Push the red starter button and the engine comes to life, with a racy growl from the new exhaust system that immediately brings a smile to your face.
Out on the open road, the adaptive dampers fitted to the M2 CS do a good job at soaking up bumps and road imperfections, but don’t expect it to suddenly become a comfortable and cosseting cruiser.
The ride is firm in all settings, but dial it up to ‘Sport Plus’ and comfort really takes a hit, especially on the uneven inner-city roads of Melbourne, with its criss-crossing tram tracks.
Escape the unkempt roads of the city for the smooth blacktop of the country, though, and the M2 CS really flexes its handling prowess.
The Michelin Pilot Sport Cup 2 tyres fitted as standard also help in this regard, and while the rear end will step out with 331kW pushed through them, if you want to stick to the racing line and clip that apex, the M2 CS is a more than willing participant.
The suspension isn’t the only thing that can be changed, however, with steering and engine adjustments also available.
We found the best setting to be maximum-attack mode for the engine and suspension, while keeping the steering in its lightest setting, and even with the steering weight turned way down, the feedback and feel from the road is enough to communicate exactly what the M2 CS wants to do.
BMW has definitely nailed the feel of the M2 CS, which almost eggs you on to go faster and faster.
When things get a bit too furious, it is also comforting to know that the massive 400mm front discs and 380mm rear discs with six- and four-piston callipers respectively are more than up to the task of scrubbing speed.
I only wish I could have explored the capabilities of the M2 CS in the more controlled environment of a racetrack, because out on the open road, the M2 CS definitely still feels like it has so much more to give. And everything about this car just screams Race Track Time. Loudly.
With the need for speed comes the need for top-shelf safety, and the new Supra features an impressive array of standard active and passive safety tech.
The must-do boxes are ticked with ABS (with brake assist), vehicle stability control, and traction control on board, as well as 'Front Collision Warning' (Toyota-speak for AEB) with daytime pedestrian and cyclist detection.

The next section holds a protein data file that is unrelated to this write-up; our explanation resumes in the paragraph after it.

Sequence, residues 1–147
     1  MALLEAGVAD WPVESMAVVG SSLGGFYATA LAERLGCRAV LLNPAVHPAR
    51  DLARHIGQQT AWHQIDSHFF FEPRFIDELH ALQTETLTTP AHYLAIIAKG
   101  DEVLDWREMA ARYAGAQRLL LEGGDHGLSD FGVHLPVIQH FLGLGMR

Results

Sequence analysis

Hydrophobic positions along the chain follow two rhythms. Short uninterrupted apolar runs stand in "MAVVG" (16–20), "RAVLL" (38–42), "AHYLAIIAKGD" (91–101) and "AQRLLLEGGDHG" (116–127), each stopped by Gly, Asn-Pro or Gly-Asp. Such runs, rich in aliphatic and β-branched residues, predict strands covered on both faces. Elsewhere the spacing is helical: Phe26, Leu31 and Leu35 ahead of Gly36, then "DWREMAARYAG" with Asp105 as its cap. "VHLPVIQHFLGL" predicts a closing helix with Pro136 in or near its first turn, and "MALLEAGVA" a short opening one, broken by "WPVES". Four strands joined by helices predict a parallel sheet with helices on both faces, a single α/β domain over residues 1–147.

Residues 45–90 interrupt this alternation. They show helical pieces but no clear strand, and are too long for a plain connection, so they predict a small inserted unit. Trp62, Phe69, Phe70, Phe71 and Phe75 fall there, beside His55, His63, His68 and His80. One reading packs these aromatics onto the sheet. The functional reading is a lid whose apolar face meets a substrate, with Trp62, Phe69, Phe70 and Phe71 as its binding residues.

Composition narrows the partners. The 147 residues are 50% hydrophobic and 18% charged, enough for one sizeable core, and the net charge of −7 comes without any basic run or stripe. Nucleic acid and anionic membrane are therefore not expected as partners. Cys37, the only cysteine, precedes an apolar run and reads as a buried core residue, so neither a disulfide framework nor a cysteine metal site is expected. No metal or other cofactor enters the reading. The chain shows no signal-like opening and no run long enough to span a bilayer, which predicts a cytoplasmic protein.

In fact, a full suite of 'Toyota Safety Sense' assistance features also includes active cruise control, a pre-collision system with pedestrian and cyclist detection, lane departure alert (with multiple alerts and steering assist), adaptive high beam and traffic sign recognition.
There's also blind spot monitoring, rear cross-traffic alert, a reversing camera, front and rear parking sensors (with rear-end collision warning), active cornering assist, brake drying, and tyre pressure monitoring.
If all that fails to side-step an impact passive safety includes seven airbags (driver and front passenger, front side, side curtain, and driver's knee), as well as a 'pop-up bonnet system' to minimise pedestrian injuries.
The A90 Supra is yet top be assessed by ANCAP or Euro NCAP, but a maximum five star score is a pretty safe bet.
The BMW M2 CS has not been tested by ANCAP or Euro NCAP and as such does not have a crash rating.
The car it is based on, the 2 Series, is also unrated, although the M2 CS differs wildly from the rest of the small coupe range.
Safety systems include front and rear parking sensors, automatic headlights, a reversing camera and cruise control.
Sure, the M2 CS is a track-focused special, but its also lacking some crucial safety features you’d expect out of any new car, and particularly one at this price point.
Toyota Australia has confirmed it's supporting Supra with the brand's standard five year/unlimited kilometre warranty, extending to seven years with the 'Service Advantage' program (that requires owners to carry out full log-book servicing for the first five years of ownership).
Also sitting underneath the Service Advantage umbrella is capped price servicing, locking in an annual service cost of $385 per service for the first five years of ownership. Service interval is 12 months/15,000km.
And just as Supra will be available for sale at all Toyota dealerships, Toyota Australia has confirmed servicing will be available throughout its national network of (300+) authorised service centres, with special tooling supplied as required to smaller rural locations.
Like all new BMWs, the M2 CS comes with a three-year/unlimited-kilometre warranty, which falls short of Mercedes’ benchmark five-year/unlimited-kilometre offering.
Scheduled service intervals are every 12 months or 16,000 kilometres, whichever comes first.
Buyers can opt for a ‘Basic’ or ‘Plus’ service plan that covers the car’s first five years, priced at $2995 and $8805 respectively.
The ‘Basic’ plan covers oil changes, air filters, brake fluids and spark plugs, while the ‘Plus’ service adds replacement brake pads and discs, wiper blades and clutch.
With an annual cost of $599 or $1761 for maintenance, the M2 CS is actually pretty affordable to service.